Health services facing another chaotic winter

Trolley figures may exceed 1,000
  • Deborah Condon

Health services face another chaotic winter and this could lead to trolley figures exceeding 1,000, the Irish Medical Organisation (IMO) has warned.

According to IMO president, Dr Peadar Gilligan, a lack of Emergency Department (ED) resources and beds, along with staff shortages, look set to combine and create a ‘perfect storm' in hospitals over the coming months.

As a result, the number of patients left waiting every day on trolleys in hospitals nationwide could break the 1,000 barrier.

"The IMO has long warned that you cannot have a removal of resources without an impact on services. Successive governments' lack of investment in our health service will be seen in hospitals across the country this winter. We will be told in January that it is a ‘flu crisis' or a ‘winter crisis', but it is not. It is a failure of policy," Dr Gilligan commented.

He insisted that the extra demands placed on hospitals during the winter months could be met if there was more investment in infrastructure and recruitment.

"We cannot expect to have a health service which is meeting the demands of the population when we are training doctors to send them abroad. A sustained campaign of recruitment - backed fully by the Government - is needed to fill existing vacancies and improve services.

"Patients being cared for in dangerously overcrowded EDs are a function of an acute hospital system working beyond its available capacity. The capacity constraints include nearly 500 unfilled consultant posts and 2,650 less beds than we currently require in Irish hospitals, and a need for over 1,000 additional GPs," Dr Gilligan said.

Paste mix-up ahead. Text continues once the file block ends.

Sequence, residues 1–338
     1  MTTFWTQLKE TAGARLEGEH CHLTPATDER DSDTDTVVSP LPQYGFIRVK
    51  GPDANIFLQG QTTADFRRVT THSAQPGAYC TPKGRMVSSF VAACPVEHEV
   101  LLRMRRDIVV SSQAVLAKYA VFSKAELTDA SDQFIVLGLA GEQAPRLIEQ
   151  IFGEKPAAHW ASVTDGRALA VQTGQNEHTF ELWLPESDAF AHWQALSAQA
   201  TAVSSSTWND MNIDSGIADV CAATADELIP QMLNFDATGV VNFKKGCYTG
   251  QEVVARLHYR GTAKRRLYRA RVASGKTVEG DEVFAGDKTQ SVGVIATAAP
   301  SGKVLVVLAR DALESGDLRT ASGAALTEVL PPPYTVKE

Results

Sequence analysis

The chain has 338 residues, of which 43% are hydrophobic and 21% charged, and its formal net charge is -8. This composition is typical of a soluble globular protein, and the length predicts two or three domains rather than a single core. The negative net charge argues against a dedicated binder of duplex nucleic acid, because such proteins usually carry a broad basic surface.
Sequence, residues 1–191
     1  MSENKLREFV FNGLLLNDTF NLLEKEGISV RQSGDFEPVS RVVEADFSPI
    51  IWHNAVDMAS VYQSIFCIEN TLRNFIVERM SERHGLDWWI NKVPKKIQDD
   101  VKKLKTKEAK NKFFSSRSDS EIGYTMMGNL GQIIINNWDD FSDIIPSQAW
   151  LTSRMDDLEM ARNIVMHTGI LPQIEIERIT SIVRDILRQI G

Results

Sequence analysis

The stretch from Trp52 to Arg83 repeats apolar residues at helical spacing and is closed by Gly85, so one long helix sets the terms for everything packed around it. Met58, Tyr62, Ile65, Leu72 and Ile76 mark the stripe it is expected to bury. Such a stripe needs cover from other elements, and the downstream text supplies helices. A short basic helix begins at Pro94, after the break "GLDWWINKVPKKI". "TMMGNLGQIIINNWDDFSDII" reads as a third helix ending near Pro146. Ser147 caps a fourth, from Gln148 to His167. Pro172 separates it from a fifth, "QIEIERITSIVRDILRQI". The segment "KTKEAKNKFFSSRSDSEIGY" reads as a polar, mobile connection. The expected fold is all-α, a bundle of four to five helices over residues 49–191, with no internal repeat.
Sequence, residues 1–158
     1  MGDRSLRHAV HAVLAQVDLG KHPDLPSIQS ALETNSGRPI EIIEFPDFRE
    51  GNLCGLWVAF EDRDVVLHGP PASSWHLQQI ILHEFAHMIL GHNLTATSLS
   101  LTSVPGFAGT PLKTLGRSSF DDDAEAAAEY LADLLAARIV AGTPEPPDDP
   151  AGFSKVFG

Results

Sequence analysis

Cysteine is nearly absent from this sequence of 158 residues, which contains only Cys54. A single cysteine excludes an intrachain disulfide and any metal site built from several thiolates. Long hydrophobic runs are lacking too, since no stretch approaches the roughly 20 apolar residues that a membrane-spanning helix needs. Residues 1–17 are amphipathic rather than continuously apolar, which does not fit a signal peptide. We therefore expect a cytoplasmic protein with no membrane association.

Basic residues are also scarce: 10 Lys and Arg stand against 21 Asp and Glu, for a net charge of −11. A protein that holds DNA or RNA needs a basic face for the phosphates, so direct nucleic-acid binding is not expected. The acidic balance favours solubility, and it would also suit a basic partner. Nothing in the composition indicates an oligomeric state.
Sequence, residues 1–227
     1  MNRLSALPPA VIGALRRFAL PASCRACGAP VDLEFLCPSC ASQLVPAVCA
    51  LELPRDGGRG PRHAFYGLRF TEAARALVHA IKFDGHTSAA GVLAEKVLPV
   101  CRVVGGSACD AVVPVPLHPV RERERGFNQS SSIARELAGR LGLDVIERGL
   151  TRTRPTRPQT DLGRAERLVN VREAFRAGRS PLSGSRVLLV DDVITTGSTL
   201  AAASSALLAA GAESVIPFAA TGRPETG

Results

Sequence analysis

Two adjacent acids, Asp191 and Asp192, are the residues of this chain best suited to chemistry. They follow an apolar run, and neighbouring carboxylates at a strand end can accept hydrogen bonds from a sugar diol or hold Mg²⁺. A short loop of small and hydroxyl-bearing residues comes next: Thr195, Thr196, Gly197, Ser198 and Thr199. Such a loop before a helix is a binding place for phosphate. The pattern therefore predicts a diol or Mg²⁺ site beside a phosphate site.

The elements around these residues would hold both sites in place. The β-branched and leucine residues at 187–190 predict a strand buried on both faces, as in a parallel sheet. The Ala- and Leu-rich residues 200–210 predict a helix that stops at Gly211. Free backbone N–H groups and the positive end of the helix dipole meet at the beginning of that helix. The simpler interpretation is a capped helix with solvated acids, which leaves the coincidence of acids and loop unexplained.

Meanwhile, the issue of staff recruitment has also been highlighted by the Irish Nurses and Midwives Organisation (INMO), which recently revealed that nurses and midwives are being offered 20% higher wages by agencies compared to the public sector, often to work in the same job in the public health service.

It said that this clearly shows that public sector pay in nursing is below the real market rate, which is in turn having an impact on the recruitment and retention of nurses in the public health service.

It pointed out that Xtra Nursing Agency, which offers agency staff to the HSE, pays an hourly rate of at least 20% more than that offered by the public sector. Nurses in their first five years of employment are also bumped up to the fifth increment.

For a newly qualified nurse, this means the annual equivalent of an extra €13,000 per annum (a 46% pay difference). For a senior staff nurse, it would mean close to €10,000 extra (20%).

Agency nurses and midwives are currently costing the HSE over €1.4 million per week.

Some 94% of INMO members recently rejected new Government pay proposals, and according to the organisation's general secretary, Phil Ní Sheaghdha, ‘the market clearly agrees with them'.

"The public sector simply isn't offering the going rate for the job. There is now a pay gap of 20% between staff doing the same work, at the same time, in the same hospital. Is it any wonder that many of Ireland's nurses and midwives are opting for agency or overseas work?

"Taxpayers will fork out over €100 million this year on agency nurses alone and until the Government meet with us directly to negotiate realistic pay rates, our health service will continue to be understaffed and waiting lists will only grow longer," Ms Ní Sheghdha insisted.


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